You can be an excellent clinician and still not be financially successful. For many years I took tons of CE, improved my clinical skills, and increased the dental services that I could offer. Yet, I was still just barely able to pay the bills and pay myself. After 13 years, I burned out.  This led me on a journey to discover the secrets to practice success. I was able to grow my practice from $675,000 to over $4 million in only five years.

Let me ask you two questions: Do you see yourself as a dentist who unfortunately must also run a business? Or, do you see yourself as a dentist who has learned to leverage your clinical skills to build a thriving business? Most dentists identify with the first category, not the second. If running a business doesn’t come naturally to you, a consultant helps you learn how to do so successfully. Simple as that.

Take it from me … someone who has “been there, done that”. In addition to seeking and learning from a mentor, hire a good practice management consultant. Unlike other types of mentors, a consultant comes with a price, but don’t fret over the cost. Your return on that investment will be huge as your practice revenue goes up and your stress goes down. How much would it be worth to you to double or triple your monthly revenue while cutting your stress in half? Cost should never be the issue, but only your return on investment.

A good practice management consultant, coupled with a dentist willing to make changes in how they practice, can accomplish these kinds of results in 24 months or less. Make 2015 your best year ever! Stop wasting time thinking about it and hire a good consultant.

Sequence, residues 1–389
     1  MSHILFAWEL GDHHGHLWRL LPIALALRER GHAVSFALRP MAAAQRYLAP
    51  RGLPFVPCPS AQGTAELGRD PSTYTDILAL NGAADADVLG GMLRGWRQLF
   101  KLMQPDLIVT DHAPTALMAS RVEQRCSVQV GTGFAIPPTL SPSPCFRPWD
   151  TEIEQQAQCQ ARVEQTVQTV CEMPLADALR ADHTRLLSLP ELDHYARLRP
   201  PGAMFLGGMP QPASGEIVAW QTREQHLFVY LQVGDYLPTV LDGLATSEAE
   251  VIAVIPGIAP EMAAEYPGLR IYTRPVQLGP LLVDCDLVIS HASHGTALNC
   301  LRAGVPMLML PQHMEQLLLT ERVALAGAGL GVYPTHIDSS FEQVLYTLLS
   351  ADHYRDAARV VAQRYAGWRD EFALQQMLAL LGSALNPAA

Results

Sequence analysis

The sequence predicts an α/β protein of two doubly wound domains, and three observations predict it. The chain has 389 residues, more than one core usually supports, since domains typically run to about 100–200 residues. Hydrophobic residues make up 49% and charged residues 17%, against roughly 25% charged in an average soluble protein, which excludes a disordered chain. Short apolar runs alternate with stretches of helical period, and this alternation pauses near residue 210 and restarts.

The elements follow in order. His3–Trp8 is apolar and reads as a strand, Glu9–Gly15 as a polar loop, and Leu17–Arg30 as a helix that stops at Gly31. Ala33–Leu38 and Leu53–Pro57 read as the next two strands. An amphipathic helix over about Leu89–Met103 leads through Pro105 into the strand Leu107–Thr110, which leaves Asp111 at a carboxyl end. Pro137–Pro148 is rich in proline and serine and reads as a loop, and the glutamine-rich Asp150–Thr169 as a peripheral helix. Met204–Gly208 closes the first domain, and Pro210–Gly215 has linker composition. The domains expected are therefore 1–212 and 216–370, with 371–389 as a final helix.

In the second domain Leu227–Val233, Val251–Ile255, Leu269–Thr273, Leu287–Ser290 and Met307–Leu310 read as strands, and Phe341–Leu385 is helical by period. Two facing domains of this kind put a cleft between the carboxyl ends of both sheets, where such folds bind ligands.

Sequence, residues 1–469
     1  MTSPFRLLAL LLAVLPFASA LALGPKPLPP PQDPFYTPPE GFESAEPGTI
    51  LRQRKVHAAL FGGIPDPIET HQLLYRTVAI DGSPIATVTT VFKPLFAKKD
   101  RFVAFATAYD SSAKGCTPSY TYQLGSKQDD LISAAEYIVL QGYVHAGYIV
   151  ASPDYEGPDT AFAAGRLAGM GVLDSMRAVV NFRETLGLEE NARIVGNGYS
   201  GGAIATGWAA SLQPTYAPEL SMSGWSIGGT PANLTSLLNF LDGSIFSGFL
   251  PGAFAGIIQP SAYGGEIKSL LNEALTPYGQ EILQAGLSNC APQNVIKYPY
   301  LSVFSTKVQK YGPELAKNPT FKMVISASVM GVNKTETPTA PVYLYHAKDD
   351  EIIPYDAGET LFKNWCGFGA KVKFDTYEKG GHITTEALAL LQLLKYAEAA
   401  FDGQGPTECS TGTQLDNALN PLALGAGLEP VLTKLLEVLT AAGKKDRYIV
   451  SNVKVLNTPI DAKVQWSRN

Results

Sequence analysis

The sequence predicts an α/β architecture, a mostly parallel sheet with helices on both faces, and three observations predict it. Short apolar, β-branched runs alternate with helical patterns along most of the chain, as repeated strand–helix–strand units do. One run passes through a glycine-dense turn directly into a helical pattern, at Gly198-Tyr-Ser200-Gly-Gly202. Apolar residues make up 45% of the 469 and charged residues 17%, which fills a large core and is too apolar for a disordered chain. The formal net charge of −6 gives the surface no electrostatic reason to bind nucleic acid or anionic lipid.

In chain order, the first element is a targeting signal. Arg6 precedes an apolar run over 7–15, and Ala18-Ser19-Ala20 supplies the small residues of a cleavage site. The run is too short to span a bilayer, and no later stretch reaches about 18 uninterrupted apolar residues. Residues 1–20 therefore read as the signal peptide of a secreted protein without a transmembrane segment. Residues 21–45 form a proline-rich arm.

Recipe for Rapid Practice Growth

As published in DentalEconomics.com

Has your practice’s growth plateaued or declined over the last few years? Our weak economy has made it difficult for many dental practices across the nation.

Would you like to create a rapid growth in your practice in spite of the weak economy?  You can if you make some changes to the way you practice the business of dentistry.

Times have changed. You can’t run your practice the same way that you have for the last few years and expect it to continue growing and be financially successful. Our economy has changed. The consumer has changed. How people pick a dentist has changed. How to market your practice has changed.

What we find in dental offices across the nation is that problems that hinder practice growth have always been there. Now that the economy is down, these problem have become magnified.